- On 2023/9/26
Circular Yokohama welcomed the “UNDP PHILIPPINES – JAPAN LEARNING EXCHANGE ON CIRCULAR ECONOMY FOR LOCAL GOVERNMENTS.” We hosted 14 delegates and 2 UNDP members from the Philippines between June 25 and 30, 2023.
This article reports on the latter half of the five-day journey in Tokyo.
The tour was co-hosted by Circular Yokohama and Zenbird.
About “UNDP PHILIPPINES – JAPAN LEARNING EXCHANGE ON CIRCULAR ECONOMY FOR LOCAL GOVERNMENTS”
This tour is one of the programs of the ACE Project organized by UNDP Philippines. ACE project aims to support the Nationally Determined Contribution (NDC) of the Philippines through enabling and accelerating the country’s transition to the circular economy for two years, from 2022 to 2024.
Ace project is part of the UNDP Global Project “Climate
Promise,” where the Philippines is among the participating countries.
The Japan learning exchange included 14 delegates from the local governments, five key cities, Manila, Quezon, Caloocan, and Pasig, and one private company, as well as two members of the UNDP Philippines team. Each of them is in charge of promoting sustainability and circular economy in their positions. This tour took them to the immersive experience of learning resource recycling and waste in Tokyo and Yokohama, the essential areas of Japan’s circular economy.
- Day 3: Activities and immersion for circular practice
- Day 4: Unraveling the Current State of the Circular Economy Promoted by the government and initial companies
- Day 5: Why does the present society need a Circular Economy? Visiting Final Waste Disposal Site
- Post script
Day 3: Activities and immersion for circular practice
Day 3 contains two immersive activities in Taito Ward, Tokyo. We visited private facilities working on circular city development.
Up-cycling practice at Rinnebar
The first activity is upcycling crafts at Rinnebar.
Rinnebar is where everyone can enjoy DIY crafts with a glass of drink and hang out with friends, special someone, or just by yourself.
People from all over Japan and abroad love Rinnebar, and people interested in upcycling and crafts often spontaneously mingle with each other.
The troop from the Philippines chose what to make from the various menus Rinnebar provided. All the materials are scrap or recycled items collected throughout Japan.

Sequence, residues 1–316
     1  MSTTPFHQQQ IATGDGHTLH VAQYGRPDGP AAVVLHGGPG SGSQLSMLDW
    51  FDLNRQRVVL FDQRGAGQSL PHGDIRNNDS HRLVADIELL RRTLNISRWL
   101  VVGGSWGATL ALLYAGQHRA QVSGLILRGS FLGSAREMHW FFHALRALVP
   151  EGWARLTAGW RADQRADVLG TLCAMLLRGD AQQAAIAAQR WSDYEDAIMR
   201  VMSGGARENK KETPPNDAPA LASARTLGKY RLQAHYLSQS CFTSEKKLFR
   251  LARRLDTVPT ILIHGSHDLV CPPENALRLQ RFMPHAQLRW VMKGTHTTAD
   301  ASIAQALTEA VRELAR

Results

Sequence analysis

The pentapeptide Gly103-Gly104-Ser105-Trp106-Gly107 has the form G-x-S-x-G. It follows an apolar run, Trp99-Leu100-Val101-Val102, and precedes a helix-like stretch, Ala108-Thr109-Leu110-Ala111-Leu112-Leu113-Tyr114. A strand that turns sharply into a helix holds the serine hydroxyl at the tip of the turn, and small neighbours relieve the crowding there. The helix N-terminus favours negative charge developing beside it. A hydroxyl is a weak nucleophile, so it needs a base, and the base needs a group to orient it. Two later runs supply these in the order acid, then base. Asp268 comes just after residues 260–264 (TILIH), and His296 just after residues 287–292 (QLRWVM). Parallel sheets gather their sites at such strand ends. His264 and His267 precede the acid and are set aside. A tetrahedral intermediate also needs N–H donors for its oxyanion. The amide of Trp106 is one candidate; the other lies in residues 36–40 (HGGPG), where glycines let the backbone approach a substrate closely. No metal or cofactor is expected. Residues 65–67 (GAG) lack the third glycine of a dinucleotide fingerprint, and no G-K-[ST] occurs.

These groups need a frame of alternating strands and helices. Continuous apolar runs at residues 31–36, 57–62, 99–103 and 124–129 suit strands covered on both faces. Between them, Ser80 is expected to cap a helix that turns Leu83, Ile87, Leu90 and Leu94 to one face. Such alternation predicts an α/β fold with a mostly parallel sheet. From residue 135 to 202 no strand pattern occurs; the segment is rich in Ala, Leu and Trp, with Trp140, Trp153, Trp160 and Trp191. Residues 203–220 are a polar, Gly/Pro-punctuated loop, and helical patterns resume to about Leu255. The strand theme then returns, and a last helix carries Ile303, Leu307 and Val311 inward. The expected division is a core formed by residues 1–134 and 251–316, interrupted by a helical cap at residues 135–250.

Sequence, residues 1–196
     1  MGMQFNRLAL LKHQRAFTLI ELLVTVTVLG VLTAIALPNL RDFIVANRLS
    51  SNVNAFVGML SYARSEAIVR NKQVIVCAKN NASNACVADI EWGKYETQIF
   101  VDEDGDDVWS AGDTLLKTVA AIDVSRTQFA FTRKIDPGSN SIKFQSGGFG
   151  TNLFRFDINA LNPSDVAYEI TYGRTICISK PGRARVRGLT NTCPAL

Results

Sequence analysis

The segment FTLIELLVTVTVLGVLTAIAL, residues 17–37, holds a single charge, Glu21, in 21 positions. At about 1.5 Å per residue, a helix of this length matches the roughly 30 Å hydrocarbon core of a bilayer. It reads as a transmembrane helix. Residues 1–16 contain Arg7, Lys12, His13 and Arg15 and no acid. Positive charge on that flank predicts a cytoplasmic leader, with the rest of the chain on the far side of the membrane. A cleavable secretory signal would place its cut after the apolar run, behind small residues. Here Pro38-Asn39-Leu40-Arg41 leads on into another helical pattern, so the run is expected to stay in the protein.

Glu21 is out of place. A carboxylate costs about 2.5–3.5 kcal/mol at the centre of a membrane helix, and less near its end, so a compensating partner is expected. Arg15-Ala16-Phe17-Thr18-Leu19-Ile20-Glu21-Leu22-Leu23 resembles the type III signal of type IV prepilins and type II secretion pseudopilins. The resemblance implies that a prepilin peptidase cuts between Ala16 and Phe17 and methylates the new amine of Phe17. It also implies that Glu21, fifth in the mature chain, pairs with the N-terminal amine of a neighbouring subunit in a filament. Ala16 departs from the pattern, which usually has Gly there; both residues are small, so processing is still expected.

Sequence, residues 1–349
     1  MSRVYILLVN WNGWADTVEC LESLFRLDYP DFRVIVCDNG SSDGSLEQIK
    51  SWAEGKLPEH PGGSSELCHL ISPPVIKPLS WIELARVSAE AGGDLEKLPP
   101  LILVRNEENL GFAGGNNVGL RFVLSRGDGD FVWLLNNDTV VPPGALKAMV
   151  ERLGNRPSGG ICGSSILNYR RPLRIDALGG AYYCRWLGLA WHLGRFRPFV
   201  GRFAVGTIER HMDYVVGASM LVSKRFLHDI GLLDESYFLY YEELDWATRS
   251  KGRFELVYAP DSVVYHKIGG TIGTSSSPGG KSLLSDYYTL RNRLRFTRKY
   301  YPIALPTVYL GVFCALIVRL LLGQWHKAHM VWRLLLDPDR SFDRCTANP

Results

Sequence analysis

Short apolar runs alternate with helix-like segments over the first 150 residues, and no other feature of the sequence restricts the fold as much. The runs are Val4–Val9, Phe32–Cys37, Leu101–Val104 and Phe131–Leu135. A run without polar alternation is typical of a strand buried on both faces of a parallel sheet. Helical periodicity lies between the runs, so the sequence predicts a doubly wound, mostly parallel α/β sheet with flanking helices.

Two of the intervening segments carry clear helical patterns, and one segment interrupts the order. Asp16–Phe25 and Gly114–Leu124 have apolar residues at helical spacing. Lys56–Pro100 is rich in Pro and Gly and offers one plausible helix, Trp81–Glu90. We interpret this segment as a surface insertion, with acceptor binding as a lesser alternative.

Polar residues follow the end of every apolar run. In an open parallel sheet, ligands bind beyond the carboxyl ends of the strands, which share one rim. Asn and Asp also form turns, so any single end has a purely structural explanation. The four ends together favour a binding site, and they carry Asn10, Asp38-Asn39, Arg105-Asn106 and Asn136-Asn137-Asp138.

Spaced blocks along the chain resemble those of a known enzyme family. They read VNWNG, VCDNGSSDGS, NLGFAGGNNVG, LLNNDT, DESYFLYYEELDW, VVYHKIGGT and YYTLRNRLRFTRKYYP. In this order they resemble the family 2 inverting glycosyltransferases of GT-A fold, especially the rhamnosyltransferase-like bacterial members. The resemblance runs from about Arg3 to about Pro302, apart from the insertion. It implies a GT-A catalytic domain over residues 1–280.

The key of the Rinnabar activity is that when you create something on your own, you can make it fit precisely in your preference and taste. Eventually, that makes the item even more personal and exclusive that you want to keep it in use as long as possible.
They learned that the circular economy could be realized not only by governments and companies but also by the daily practices of each citizen.
Feel a local circular economy at élab
Another activity of the third day was an interactive workshop at élab, a hub for Circular Economy practice that combines a kitchen and living lab.
Hearing the term “circular economy,” we tend to think it is something governments and corporations should tackle. At élab, however, it proposes a lifestyle allowing locals to choose a sustainable and circular lifestyle daily.
élab has its bulk store in the living lab space. It sells various foods and products based on the up-cycling or circular economy concept.
On the other hand, in the kitchen space, you can enjoy sustainable meals. They use ingredients from root to stem and provide locally made products.
This time, we also focused on packaging sustainability. élab served its food in “Megloo” reusable containers.
While enjoying the meal, Takako, a director of élab, told the history and current status of a circular community in the Kuramae.
Afterward, Takako and the delegates discussed what can be done in local communities in the Philippines, referring to the practices in Kuramae. The discussion led everyone to share their opinions and circumstances in each city, which was the great outcome of visiting élab.
Day 4: Unraveling the Current State of the Circular Economy Promoted by the government and initial companies
What can Governments do toward a sustainable future? Talk with the Tokyo Metropolitan Government
Here comes Day 4 of the tour. First, we visited the Tokyo Metropolitan Government (TMG) and interacted with the Bureau of Environment of TMG.
Presentations by TMG and the Philippine delegates enlivened the two-hour dialogue.